Household recycling is something that the current generation has grown up with – children are taught in school how to sort paper, plastics, cans and bottles from an early age. For many Americans, recycling is a part of everyday life – new homes are constructed with cabinets for recycling bins as well as garbage bins, most municipalities offer curbside recycling, and many public spaces including entertainment venues offer recycling. However, due to the changing makeup of the items we recycle, some of the materials are not as valuable in the recycling market anymore. For example, plastic clamshells (like the kind your organic spring mix salad comes in from the grocery store) are made from a low-grade plastic that is considered a contaminant by some recycling facilities, since there is no demand for this low-grade plastic in the re-manufacturing industry.

The carbon savings cited in the Drawdown book for this strategy assume increasing the average worldwide recycling rate to 65% of total recyclable waste. You may think “I’m already recycling 100% of the recyclable waste in my home” – however, take a closer look in your bins to find opportunities for reducing waste and removing contaminants from the recycling stream.

Juice Box – 100% Not Recyclable

Some important things to remember about recycling:

Plastic Ain’t What It Used To Be

As in the clamshell example above, even plastics with the recycling logo and numbers printed on them may still wind up in the landfill due to reduced demand for the low-grade plastics. This varies from city to city (based on market demand), so check with your recycling hauler for what they actually accept. Some plastic drink bottles are also low-grade and do not get recycled at the municipal level.

This plastic tub was re-purposed into a Play-Doh storage container

Aluminum Is Still Worth Big Bucks

Just look at the 10 cents per can refund in the state of Oregon for evidence that there is still a huge demand for recycled aluminum. Did you know that producing recycled aluminum products uses 95% less energy than creating them from virgin materials? Did you also know that recycling one aluminum can saves enough energy to power a TV for 3 hours?

Each aluminum can comes with a 10 cent refund in Oregon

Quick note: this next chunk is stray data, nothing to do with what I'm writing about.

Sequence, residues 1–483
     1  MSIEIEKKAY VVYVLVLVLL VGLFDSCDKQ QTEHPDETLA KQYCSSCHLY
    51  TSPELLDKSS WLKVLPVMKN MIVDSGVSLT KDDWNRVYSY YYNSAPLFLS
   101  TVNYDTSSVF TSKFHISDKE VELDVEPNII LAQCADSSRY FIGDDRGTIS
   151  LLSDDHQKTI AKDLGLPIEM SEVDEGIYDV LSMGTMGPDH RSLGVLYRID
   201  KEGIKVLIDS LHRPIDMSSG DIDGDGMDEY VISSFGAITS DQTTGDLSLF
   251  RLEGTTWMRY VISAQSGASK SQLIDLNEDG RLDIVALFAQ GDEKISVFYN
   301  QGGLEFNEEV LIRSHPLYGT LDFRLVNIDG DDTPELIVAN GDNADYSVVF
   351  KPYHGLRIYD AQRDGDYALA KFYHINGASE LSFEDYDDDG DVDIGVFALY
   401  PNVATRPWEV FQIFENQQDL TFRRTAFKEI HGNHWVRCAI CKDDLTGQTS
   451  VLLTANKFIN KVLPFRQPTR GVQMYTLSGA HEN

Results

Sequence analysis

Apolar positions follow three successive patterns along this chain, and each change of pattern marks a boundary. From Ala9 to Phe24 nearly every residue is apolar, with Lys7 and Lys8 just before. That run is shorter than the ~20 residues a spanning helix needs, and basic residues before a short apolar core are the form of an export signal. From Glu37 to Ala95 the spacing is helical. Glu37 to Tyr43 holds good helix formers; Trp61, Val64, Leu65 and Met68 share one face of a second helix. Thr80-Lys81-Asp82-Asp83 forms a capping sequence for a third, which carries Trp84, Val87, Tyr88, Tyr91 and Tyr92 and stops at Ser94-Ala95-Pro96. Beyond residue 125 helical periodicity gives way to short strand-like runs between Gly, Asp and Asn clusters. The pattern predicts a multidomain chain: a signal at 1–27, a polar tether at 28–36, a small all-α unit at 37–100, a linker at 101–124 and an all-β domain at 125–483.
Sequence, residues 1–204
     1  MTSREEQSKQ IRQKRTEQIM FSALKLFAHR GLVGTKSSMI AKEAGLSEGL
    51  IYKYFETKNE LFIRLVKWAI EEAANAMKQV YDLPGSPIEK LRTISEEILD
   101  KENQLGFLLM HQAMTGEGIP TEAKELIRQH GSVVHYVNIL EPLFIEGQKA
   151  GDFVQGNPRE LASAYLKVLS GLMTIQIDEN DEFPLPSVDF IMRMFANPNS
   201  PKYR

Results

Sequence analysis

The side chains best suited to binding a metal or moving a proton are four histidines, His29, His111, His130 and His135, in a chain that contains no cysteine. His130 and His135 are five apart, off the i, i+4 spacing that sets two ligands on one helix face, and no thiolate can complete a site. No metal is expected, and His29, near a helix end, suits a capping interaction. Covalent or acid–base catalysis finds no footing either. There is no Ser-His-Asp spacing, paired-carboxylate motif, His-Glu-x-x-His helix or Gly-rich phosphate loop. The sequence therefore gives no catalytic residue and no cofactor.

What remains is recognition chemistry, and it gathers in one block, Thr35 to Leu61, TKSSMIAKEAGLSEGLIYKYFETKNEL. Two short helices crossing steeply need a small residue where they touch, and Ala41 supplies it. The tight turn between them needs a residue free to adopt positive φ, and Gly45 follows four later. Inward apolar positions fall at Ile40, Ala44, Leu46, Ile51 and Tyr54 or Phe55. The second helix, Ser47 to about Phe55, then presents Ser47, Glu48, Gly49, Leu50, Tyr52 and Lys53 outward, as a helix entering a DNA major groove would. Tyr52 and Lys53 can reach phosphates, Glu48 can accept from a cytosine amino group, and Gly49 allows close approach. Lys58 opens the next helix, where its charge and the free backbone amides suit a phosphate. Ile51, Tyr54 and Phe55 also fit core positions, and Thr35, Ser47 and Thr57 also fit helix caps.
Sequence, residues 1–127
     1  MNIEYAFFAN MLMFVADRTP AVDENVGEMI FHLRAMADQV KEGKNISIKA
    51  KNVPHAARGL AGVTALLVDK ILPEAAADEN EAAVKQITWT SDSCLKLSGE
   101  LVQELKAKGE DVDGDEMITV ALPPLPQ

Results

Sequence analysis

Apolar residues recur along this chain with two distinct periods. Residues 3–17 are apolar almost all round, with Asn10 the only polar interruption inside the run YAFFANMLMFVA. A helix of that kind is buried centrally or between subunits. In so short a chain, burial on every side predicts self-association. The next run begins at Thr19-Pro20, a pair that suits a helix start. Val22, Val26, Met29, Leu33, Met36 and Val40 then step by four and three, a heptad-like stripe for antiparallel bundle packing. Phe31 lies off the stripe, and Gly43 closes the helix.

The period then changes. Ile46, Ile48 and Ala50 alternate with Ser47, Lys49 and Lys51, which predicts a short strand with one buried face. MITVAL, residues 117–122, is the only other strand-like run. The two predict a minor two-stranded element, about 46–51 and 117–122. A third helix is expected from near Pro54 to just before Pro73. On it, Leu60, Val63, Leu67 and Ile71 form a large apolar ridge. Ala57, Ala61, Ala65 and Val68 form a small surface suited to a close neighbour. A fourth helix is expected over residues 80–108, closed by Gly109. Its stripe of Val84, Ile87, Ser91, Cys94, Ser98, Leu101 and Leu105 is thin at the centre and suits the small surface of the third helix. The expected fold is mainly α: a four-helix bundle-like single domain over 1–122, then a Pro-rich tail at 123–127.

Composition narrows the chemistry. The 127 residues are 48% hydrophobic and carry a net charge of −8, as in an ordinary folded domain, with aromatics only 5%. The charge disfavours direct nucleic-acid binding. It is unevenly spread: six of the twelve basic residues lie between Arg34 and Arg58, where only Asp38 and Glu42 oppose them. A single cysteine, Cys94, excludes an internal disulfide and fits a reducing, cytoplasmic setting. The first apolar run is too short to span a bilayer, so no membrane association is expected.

Cardboard – So Much Cardboard

Have you noticed your recycling bins filling up faster since the advent of online shopping? Today households receive deliveries in cardboard boxes throughout the week, and these boxes take up a lot of space! Luckily traditional cardboard is still recyclable in most areas.

Cardboard is also great for make-believe play

Going Paperless

The environmental benefits of recycling paper are counted separately in the Drawdown calculations (for example in Forest Protection). Going paperless (receiving mail and other documents electronically) is a great way to reduce the amount of trees cut down every day.

Timber logging – hopefully a relic of times gone by

Plastic Bags

Many cities are banning plastic shopping bags altogether, including Ashland, Oregon (Alto Sustainability’s home base). By removing the option altogether, consumers quickly acclimate to bringing their own bags, carrying groceries by hand, or paying 10 cents a bag for paper bags.

Bonus points for using a reusable bag made from recycled plastic

Actions You Can Take Today:

  • Know what you can recycle – check what your recycling service accepts, and take the extra steps to remove contaminants (i.e. remove lids and rinse out your yogurt containers)
  • Shop recycled – by increasing the demand for recycled products (for example 100% post-consumer recycled office paper and toilet paper), this ensures a market for recycled products for years to come
  • Research your city’s average annual recycling rate to see if your area is on track for the 65% recycling rate needed for this Drawdown strategy

Related LEED® v4 Credits:

  • LEED BD+C, MRp Storage and Collection of Recyclables (prerequisite)